I appreciate the help. After the posts I decided to get super stiff brush, turn the shower on and went to town on the tile as I showered. Nothing like multitasking. My main squeeze gave me a weird look when she looked in as to what I was doing. But most of the stuff came off then. I will go back and clean with another solution(concrobium) to see if it stops. I used a light acid before and it did not seem to do as good as a job as the brush and water. It has been 2 1/2 years since the shower was built and for it now to start was puzzling me. Like in my earlier post, I think my girlfriend and I are not letting the tile dry in time. I guess we need to shower together more often to prevent this problem! Thanks guys,
Norm
 

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Registered
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I used a light acid
Don't use acid with stone.

Get some Zep Mold & Mildew remover, test it first on a small area to see if it does anything to the stone, if not, use it, no scrubbing, just spray it on, wait an hr. or so and rinse.
 

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Tile and Stone Cleaning
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22 Posts
For any stone shower you better go to either mbstone.com or stonecarecental.com and buy both:

MB-3 and MB-9


I use them all the time and nothing is better or safer in an acid sensitive shower.
 

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Banned
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3,431 Posts
It was built with a 1/4'' slope per ft with the first bed, rubber membrane, matching slope again, then added another roll on waterproofing membrane for extra security and tiled. Do you think the second membrane is not letting the water drain even with the slope? Dal Tile had recommended the second membrane. I am a little concerned.:rolleyes:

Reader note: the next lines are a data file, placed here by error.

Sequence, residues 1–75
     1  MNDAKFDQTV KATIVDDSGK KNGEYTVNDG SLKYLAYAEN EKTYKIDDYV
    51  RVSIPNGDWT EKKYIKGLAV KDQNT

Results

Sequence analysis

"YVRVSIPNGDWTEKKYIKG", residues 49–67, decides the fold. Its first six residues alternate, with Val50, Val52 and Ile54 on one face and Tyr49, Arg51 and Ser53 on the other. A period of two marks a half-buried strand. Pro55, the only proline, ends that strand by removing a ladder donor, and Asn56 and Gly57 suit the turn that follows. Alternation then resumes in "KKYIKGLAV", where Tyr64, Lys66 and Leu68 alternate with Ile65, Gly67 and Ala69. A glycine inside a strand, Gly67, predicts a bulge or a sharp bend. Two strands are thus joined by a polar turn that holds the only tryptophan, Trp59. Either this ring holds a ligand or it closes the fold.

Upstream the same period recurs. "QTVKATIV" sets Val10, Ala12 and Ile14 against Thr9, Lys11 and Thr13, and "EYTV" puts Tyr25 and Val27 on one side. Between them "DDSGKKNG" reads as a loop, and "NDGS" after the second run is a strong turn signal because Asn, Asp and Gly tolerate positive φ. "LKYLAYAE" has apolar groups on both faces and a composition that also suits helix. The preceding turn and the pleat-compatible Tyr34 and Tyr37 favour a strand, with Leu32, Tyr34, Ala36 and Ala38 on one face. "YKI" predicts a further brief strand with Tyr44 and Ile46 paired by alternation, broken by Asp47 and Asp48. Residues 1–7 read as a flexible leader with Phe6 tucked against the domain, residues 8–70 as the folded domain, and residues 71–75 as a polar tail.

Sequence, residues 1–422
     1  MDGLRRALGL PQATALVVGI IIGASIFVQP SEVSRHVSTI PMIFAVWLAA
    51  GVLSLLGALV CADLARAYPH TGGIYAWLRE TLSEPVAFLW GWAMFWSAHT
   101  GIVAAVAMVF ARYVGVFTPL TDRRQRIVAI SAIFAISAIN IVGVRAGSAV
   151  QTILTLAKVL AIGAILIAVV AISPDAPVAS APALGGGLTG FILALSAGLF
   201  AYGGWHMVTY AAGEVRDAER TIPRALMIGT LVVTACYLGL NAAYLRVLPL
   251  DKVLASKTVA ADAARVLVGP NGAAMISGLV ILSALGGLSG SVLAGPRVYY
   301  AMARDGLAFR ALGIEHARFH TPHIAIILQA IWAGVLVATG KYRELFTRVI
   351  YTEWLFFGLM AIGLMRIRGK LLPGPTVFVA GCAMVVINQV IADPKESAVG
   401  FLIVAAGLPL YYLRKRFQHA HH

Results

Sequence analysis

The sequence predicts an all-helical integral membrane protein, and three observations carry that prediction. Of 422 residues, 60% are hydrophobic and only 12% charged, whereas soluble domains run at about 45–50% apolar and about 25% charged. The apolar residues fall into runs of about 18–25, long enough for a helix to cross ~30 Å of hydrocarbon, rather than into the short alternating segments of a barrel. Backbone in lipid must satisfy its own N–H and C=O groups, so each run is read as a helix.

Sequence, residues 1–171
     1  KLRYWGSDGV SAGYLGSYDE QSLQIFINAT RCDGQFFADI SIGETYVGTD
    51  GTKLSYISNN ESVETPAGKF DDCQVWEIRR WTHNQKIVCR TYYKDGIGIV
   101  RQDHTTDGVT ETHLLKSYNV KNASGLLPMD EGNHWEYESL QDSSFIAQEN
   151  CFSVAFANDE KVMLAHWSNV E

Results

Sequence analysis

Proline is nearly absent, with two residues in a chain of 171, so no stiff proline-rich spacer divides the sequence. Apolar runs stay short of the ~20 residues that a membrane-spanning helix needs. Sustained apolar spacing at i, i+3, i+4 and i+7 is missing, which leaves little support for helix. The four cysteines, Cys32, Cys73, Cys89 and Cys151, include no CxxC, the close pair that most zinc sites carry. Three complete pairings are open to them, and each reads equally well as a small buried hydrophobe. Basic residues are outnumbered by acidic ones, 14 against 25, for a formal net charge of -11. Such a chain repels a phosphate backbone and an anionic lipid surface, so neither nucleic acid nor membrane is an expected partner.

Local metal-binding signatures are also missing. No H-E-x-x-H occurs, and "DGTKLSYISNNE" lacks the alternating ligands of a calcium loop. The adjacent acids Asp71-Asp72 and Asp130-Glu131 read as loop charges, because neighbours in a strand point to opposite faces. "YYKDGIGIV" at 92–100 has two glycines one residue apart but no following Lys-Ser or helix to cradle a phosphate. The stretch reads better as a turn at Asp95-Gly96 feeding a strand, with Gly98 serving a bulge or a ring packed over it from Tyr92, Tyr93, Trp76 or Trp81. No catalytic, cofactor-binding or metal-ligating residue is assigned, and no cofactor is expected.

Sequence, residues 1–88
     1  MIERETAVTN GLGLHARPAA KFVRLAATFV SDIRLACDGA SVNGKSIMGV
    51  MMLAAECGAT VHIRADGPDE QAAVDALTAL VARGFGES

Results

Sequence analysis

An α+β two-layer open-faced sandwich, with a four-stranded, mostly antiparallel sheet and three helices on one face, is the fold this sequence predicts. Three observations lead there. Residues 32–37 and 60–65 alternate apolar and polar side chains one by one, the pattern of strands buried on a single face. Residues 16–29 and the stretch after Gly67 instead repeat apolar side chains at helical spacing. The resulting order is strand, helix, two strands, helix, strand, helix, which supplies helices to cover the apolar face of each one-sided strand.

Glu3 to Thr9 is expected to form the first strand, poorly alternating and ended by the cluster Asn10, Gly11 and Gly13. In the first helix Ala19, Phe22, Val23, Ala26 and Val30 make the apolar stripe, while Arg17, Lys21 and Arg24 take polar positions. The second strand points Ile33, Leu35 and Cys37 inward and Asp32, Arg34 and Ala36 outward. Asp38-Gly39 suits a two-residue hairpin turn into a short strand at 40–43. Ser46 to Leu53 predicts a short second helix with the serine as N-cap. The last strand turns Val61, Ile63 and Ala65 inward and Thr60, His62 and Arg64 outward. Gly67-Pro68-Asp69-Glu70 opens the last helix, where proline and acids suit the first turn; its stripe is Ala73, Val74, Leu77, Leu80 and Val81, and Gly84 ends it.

you are creating a moisture sandwhich with that recipe, the rubber membrane is the water proofing in a mud bed type base.
 

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Proprietor
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1,847 Posts
What kind of water is it? City punch or well?
I ran into a situation like that no too long ago on a well system. And the water needed to be treated. It was white gunky build-ups though, not mold.
How often is the shower cleaned?
Is there a vent fan in the shower area? And is it used?
It may be something as simple as a low spot where water accumulates and then the mold builds up.

For future reference, 1/4" slope is the MINIMUM. The slopes I do are almost double that amount.
I can tell you for sure, it is definitely NOT a sealer issue.

Run the water a few minutes. Shut off. See how long the water takes to disapear. Are there any "puddles" left anywhere?
 

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Proprietor
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1,847 Posts
There's a couple ads for VENT FANS on this page to the right and bottom.
You may want to buy one of them.
Nathan will appreciate it.
 

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Pedro
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8 Posts
For any stone shower you better go to either mbstone.com or stonecarecental.com and buy both:

MB-3 and MB-9


I use them all the time and nothing is better or safer in an acid sensitive shower.
Never use an acid in a marble, limestone or travertine stone and vinegar is acidic. These products are what you need to help with the staining.

If the mold comes back, dilute bleach with water and keep in a spray bottle and spray the mold when you first see it return. Be sure it's diluted as the akaline bleach can cause some etching as well.
 

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Tile and Stone Cleaning
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22 Posts
Where in my post did I mention using an acid product.


Read it again and try the products I said. They are magic on stone showers.
 

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Pedro
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8 Posts
Actually, I agree with you and recommend the same products.

I was just stating never use acids when cleaning natural stone. When I posted, I noticed it look like I was contesting what you said, but in reality I was agreeing wholeheartily.

Sorry for the confusion.